Ten ways to spring clean your finances before the end of the tax year

 
Tom Welsh
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Rising inflation is an additional reason to get ahead (Source: Getty)

Spring is here and it's a golden opportunity to sort out your finances before the end of the tax year on 5 April.

And this year savers have an additional reason to get out in front: inflation. Consumer price index inflation has been steadily rising and has been given extra impetus by the drop in sterling. Doing nothing could see the real value of your assets decline without you even noticing. “Cash investors are facing a perfect storm: value-eroding inflation is rising, but cash interest rates are next to nothing,” says Lisa Caplan, head of financial advice at Nutmeg.

So here are 10 simple things you should do now to spring-clean your finances.

1. Maximise Isa contributions

Investments held within the Isa are not liable for tax, which can make a big difference when battling inflation and is useful protection when the government is reducing the generosity of the treatment of investments held outside wrappers.

The Isa does, however, operate under the “use it or lose it” rule. If you don’t use your full £15,240 allowance before the end of the tax year, you will not be able to carry over unused portions into the next. “The thought of missing out on any tax perks always helps to focus the mind,” says Gordon Andrews, financial planning expert at Old Mutual Wealth.

If you’re contributing to a Stocks and Shares Isa, you don’t need to invest the money immediately. That cash can be parked until you’re ready to decide what to do with it, and drip-feeding money into the markets means you’ll be less exposed to volatile price moves.

Note, too, that the Isa allowance is rising to £20,000 in the next tax year. Tom Selby of AJ Bell suggests updating any Isa direct debits to take advantage of the higher amount.

2. Be clever with your pension

You can “carry forward” unused portions of your pension annual allowance from the previous three tax years. This means a window is closing on 5 April. “The 2013-14 tax year was the last to have a pension annual allowance of £50,000,” says Selby. It has now come down to £40,000 for most people, and those on higher incomes affected by the taper (which cuts the allowance by £1 for every £2 you earn above £150,000, to just £10,000 for those on £210,000 or more) can contribute even less. Once you’ve made use of this year’s allowance, check to see if you can put in more from previous tax years.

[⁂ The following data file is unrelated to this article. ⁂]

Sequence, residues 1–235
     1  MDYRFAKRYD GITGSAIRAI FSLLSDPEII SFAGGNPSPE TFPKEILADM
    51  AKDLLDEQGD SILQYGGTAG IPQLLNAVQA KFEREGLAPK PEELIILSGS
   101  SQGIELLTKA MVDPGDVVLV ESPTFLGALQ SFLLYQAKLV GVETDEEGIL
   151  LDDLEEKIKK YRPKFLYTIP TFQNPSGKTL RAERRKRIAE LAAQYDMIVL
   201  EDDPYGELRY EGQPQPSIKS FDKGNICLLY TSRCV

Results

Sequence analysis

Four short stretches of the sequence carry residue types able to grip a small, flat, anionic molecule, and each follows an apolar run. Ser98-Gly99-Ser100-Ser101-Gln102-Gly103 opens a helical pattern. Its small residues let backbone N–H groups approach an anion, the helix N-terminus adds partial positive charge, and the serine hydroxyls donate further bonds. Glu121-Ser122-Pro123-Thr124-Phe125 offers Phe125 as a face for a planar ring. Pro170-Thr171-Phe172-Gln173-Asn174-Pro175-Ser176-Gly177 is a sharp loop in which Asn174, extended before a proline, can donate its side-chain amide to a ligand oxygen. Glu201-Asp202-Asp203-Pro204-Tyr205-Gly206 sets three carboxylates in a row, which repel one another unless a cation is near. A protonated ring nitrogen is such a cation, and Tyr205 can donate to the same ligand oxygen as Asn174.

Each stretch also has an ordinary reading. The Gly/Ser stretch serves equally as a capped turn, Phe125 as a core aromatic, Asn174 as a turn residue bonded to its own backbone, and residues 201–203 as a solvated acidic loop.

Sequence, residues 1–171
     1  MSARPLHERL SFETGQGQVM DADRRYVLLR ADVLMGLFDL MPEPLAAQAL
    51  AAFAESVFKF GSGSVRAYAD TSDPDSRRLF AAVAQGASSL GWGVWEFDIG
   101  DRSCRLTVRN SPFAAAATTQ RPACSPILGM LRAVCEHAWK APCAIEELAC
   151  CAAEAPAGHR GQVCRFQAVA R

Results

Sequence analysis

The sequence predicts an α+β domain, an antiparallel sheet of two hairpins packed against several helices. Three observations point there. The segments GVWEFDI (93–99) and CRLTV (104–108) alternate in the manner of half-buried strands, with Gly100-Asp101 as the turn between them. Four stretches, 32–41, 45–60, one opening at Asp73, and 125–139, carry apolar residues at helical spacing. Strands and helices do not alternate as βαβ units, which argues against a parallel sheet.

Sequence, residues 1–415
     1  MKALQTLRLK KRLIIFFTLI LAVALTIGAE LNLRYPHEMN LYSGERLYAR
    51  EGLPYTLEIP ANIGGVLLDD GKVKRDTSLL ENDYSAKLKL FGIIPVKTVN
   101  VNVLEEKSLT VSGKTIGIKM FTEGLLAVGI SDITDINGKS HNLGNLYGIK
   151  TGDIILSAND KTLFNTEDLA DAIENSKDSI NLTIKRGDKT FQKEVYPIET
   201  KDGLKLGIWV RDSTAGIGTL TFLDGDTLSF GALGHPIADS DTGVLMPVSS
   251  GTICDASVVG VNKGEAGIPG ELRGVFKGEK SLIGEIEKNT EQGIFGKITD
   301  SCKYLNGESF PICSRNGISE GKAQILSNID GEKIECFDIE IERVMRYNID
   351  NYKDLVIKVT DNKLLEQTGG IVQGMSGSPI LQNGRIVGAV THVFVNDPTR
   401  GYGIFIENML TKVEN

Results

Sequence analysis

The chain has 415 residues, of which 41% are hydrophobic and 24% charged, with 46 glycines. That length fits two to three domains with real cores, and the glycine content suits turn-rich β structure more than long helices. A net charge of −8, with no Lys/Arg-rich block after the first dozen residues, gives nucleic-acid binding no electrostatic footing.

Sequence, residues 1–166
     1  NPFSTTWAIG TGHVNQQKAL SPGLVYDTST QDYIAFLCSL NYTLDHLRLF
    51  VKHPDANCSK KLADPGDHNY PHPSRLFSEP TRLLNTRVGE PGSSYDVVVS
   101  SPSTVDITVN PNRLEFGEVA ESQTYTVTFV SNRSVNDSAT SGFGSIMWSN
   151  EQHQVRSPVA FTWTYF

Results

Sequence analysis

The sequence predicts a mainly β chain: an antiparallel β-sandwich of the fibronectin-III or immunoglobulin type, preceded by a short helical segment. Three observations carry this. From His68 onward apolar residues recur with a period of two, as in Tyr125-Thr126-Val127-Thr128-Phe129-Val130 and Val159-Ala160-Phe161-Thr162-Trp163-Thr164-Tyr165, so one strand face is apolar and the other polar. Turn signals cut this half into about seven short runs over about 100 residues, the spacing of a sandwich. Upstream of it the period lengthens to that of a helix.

You should also ensure you’re maximising employer contributions to your workplace pension. Although many firms will only match up to a relatively low percentage, others are more generous if you’re willing to put in more of your own money. “Simply put,” says Richard Parkin of Fidelity, “the availability of the employer contribution under auto-enrolment means that joining an employer sponsored pension scheme remains the best option for all those who are saving for retirement.”

3. Spread the wealth

Your spouse and children have their own pension and Isa allowances. The Junior Isa allowance is £4,080 this tax-year, and most experts think that because children have much longer investment horizons they can afford to take on more risk.

“Many people set their kids or grandkids up with premium bonds or a cash savings account,” says Caplan. “In an inflationary yet low rate environment, this well-intentioned gift will quickly begin losing value. As a rule of thumb, the longer your investment horizon, the higher your risk profile can be.” You can even put up to £3,600 into a child’s pension this tax year.

4. Regulate your cash balances

Basic and higher tax taxpayers (though not 45p payers) enjoy another tax advantage: the personal savings allowance, under which the former can earn £1,000 in savings interest tax-free per tax year, and the latter £500. With some ordinary bank accounts paying better rates of interest than Cash Isas, it may make sense to hold your cash outside the wrapper.

Nevertheless, cash is a poor investment for more inflationary times because the rate of return tends to be so low. Henderson Global Investors found that between 2010 and 2015 – when inflation briefly topped 5 per cent – cash deposits earned savers £36bn in interest but inflation consumed £116bn of value, a net loss of £80bn.

5. Pay down debt